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Turkey insurance? Believe it!

By Jay MacDonald · Bankrate.com
Friday, November 19, 2010
Posted: 10 am ET

Let's talk turkey, shall we? Specifically, this unspeakable, artery-clogging, make-Julia Child-roll-over-in-her-grave practice of subjecting a perfectly toned Tom to the ignominy of a deep-fat fryer. It's just wrong. Wrong, wrong, wrong. On so many levels, not least of which is what this culinary crime might do to your homeowners insurance.

Are YOU talking to me? Are YOU talking to ME? Are you TALKING to ME?

As a public service, allow me to share with you the raison d'etre of this redneck rite of passage in the hope that it might spare you the actual scarred-for-life moment.

Turkey frying owes its popularity to a single anecdote that goes something like this: My crazy (pick one) uncle/cousin/cardiologist filled the fryer with 12 gallons of (pick one) peanut oil/shortening/30 weight and (spoiler alert: stop here) dropped the bird in and the boiling oil overflowed like it was defending a castle! Which, come to think of it, may have been the origin of this practice.

Food Network Chef Guy Fieri chronicles the series of calamitous events that befell him and his homeowners insurance during what he calls his "deep-fried-turkey phase" in "How NOT to Deep-Fry a Turkey."

But I digress. The point is, once you have this anecdote in your wit kit, actually deep-frying a turkey sort of becomes superfluous, don't you think? Not to mention dangerous, as the folks at Allstate recently reminded their homeowners insurance customers.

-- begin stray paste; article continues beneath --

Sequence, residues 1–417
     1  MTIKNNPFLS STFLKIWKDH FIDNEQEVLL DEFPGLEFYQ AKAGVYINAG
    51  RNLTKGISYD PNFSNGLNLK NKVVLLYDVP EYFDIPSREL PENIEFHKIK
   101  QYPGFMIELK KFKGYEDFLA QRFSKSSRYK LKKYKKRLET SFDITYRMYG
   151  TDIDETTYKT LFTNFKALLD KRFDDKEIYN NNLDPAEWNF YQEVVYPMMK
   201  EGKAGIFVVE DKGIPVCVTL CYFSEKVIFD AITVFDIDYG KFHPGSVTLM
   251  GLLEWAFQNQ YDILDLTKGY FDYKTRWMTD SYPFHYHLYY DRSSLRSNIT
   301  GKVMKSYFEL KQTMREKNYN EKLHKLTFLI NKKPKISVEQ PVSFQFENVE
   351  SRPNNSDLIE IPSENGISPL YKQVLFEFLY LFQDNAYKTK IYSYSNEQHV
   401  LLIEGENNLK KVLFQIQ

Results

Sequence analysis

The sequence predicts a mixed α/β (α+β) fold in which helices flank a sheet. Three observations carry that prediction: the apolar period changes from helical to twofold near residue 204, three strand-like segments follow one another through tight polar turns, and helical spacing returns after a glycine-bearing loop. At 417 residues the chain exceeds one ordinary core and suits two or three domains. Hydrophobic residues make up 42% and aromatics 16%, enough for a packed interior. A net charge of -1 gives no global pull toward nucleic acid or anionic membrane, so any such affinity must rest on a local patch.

According to FEMA's U.S. Fire Administration, cooking is the leading cause of home fires on Thanksgiving Day, causing on average 2,000 fires, five deaths, 25 injuries and nearly $21 million in property damage. Who wants to bet that most of that destruction is NOT related to deep-fat fryers?

If you must partake of this misadventure, Allstate offers these suggestions to avoid sending your homeowners insurance up in smoke:

  • Only use turkey fryers outdoors at a safe distance from buildings and flammable materials.
  • Never use a fryer on a wooden deck or in a garage.
  • Place fryer on a flat surface to avoid accidental tipping.
  • Never leave the fryer unattended. Oil may ignite in units without thermostats.
  • Keep children and pets away from fryer, even after it is turned off. The oil from a fryer remains dangerously hot for hours after use.
  • Do not overfill the fryer.
  • Be careful with marinades and other liquids. Oil and water do not mix, and liquids could cause hot oil to ignite or even explode.
  • Keep an all-purpose fire extinguisher handy.

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